The coldest weather of this young year is sweeping into our area this morning, bringing with it fierce northwest winds and intense snow squalls. Our overnight lows are expected to drop slightly below zero (-1° to -5°) with windchills of 15-25 degrees below zero. Our previous coldest morning low this month was +4° on January 22. In our area the average coldest temperatures of the year should range between +5° and -5°, so it appears we will be right on the mark again in 2019 for the fifth consecutive year. It has certainly been cold enough over the past week to make us more than happy to stay indoors where we can bask in the warmth of our wood cook stove and pellet stove. That works for Barb and me, but Calli is spending all of her time dreaming about the time when she can go outdoors again.
Calli has been sentenced to remain indoors by her vet, Dr. William Kittleberger of the Mill Creek Animal Hospital in Petersburg, as we try to rid her of a Pasteurella infection in one of the bones of her left rear foot. She contracted the infection from a bite that punctured one of her bones. We noticed that she was spending a lot of time licking the initial wound about a month ago, but we soon noticed additional lesions forming on her leg. We took her to the vet’s office on January 9 to determine what was causing the open sores on her leg. After taking some x-rays of the leg, he found the bone puncture and obvious signs of infection in the bone. We took her back to see him on January 17 so he could open the wound and obtain some cultures of the infection to determine the cause. He then put a pink cast on her leg and gave her a prescription to begin treating the infection. She had to wear the cast until he removed it on January 25. She was ordered to remain indoors after her surgery until we can get the infection under control.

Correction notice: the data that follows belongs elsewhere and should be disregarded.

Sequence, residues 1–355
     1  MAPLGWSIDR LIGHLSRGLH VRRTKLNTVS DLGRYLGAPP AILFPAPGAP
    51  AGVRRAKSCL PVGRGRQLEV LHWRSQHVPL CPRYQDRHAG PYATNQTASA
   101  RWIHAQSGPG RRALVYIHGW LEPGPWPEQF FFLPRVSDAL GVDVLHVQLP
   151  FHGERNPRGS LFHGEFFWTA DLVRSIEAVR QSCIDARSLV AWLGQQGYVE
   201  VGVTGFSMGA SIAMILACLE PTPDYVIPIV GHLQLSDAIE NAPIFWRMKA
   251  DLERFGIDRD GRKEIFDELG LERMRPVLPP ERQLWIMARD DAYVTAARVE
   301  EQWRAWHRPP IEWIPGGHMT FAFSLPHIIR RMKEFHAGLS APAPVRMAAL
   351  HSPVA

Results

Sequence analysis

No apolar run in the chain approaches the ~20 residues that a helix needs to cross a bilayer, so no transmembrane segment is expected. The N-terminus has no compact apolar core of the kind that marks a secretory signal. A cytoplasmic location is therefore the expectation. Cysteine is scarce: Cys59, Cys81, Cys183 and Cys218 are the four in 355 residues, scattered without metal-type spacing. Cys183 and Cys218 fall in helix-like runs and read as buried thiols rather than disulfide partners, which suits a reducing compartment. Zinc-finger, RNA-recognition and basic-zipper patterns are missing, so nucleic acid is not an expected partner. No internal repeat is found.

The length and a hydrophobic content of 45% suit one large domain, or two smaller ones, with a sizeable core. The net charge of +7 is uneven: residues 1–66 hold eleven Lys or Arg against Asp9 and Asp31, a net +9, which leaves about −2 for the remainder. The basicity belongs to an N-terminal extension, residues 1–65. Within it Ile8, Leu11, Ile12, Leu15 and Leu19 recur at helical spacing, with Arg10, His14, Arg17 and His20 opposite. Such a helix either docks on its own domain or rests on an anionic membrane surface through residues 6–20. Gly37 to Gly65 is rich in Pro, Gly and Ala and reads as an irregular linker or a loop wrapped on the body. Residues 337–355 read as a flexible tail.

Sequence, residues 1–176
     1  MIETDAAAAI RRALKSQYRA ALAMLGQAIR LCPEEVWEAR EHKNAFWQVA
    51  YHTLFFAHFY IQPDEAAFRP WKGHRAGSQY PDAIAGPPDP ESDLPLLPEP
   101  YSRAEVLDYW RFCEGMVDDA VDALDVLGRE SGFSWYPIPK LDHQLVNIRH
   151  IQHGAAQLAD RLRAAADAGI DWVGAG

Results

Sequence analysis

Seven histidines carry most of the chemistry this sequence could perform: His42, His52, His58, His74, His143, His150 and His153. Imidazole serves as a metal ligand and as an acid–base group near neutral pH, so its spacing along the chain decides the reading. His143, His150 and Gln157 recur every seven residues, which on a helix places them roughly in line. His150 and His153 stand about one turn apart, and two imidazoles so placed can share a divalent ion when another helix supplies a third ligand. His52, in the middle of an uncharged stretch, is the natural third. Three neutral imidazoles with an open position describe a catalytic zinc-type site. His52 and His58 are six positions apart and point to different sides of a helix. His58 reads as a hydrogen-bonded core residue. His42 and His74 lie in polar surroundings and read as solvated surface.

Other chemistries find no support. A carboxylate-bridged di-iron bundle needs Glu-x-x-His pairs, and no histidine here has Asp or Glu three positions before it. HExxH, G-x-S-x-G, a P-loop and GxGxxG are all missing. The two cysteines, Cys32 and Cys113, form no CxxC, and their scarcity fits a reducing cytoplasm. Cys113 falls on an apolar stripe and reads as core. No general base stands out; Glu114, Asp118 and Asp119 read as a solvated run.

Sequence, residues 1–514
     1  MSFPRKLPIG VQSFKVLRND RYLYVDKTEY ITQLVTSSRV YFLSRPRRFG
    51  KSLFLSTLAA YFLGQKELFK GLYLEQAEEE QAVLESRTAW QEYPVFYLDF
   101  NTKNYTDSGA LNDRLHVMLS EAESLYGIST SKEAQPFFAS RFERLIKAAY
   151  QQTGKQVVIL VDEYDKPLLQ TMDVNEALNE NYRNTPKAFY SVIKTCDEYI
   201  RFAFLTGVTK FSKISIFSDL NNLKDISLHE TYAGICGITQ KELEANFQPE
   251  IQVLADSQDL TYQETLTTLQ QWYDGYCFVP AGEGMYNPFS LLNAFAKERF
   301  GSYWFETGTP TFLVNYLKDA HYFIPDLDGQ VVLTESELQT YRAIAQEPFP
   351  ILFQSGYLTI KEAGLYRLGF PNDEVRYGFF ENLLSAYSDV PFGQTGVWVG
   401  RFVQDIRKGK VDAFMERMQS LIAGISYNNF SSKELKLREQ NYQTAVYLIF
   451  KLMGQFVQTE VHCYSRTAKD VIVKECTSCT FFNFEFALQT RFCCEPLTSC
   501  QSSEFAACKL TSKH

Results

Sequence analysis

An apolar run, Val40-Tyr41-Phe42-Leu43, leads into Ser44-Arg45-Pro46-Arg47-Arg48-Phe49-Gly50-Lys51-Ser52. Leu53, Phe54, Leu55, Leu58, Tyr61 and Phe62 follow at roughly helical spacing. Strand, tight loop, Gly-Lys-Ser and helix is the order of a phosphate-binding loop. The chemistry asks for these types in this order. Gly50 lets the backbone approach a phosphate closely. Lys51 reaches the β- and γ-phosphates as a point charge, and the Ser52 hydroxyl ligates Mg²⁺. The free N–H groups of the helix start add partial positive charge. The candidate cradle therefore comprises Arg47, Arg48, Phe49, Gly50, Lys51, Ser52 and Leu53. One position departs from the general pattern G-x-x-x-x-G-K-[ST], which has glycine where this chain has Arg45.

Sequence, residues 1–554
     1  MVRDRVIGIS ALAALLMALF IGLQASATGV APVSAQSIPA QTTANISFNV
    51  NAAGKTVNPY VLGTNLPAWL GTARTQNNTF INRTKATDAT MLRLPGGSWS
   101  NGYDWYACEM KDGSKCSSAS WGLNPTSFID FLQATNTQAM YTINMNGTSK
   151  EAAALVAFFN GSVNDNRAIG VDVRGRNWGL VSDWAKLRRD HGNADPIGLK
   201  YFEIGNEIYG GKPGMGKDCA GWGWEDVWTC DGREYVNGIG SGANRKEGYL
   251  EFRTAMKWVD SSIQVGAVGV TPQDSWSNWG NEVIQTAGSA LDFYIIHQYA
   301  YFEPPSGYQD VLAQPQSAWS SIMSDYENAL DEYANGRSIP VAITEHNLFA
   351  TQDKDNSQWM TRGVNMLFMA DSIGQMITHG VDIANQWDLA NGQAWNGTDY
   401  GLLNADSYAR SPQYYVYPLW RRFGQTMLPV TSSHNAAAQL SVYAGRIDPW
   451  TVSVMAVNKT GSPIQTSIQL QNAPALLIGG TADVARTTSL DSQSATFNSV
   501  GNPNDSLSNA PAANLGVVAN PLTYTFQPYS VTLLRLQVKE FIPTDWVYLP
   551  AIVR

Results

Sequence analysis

Calli did not know what to do about the cast for the eight days that she wore it. I think she blamed it for her banishment from the outdoors, where she loves to spend nearly all of her daylight hours regardless of the weather. Calli chewed on it frequently and flicked her foot in a futile effort to shed it. It was bad enough to be sentenced to spend her days indoors, but the added embarrassment of the pink cast she was forced to wear was almost more than she could bear. After it was removed on January 25, she began to relax, and she found it easier to accept her ongoing incarceration. However, she was fascinated by the sudden loss of fur on her leg. She may be glad she didn’t have to wear a body cast.
Having lost the annoying pink cast, Calli has resumed many of her former indoor antics and hijinks she performed during her kitten period, including trying to jump through our dining room window to catch goldfinches at the feeder, chasing her jingle balls around the house, and curling up in front of the front porch door with a stuffed toy of her choice. Her current favorites include a fluffy yellow mouse that looks more like a baby hedgehog and a catnip-filled mouse that Barb made for her this past Christmas. Her only disappointment came when she realized she had grown too big to fit inside one of Barb’s shoes.
Although Calli is gradually resigning herself to her indoor life, she doesn’t realize that it is only temporary. If her current treatments appear to be effective at her next scheduled visit on February 4, Dr. Kittleberger may clear her to resume her outdoor activities. Since the weather is forecasted to be much warmer then, I wouldn’t want to be standing in her way when we open the door for her for the first time in more than two weeks. That could be cause for another hospital trip, only I can assure you it won’t be to the animal hospital.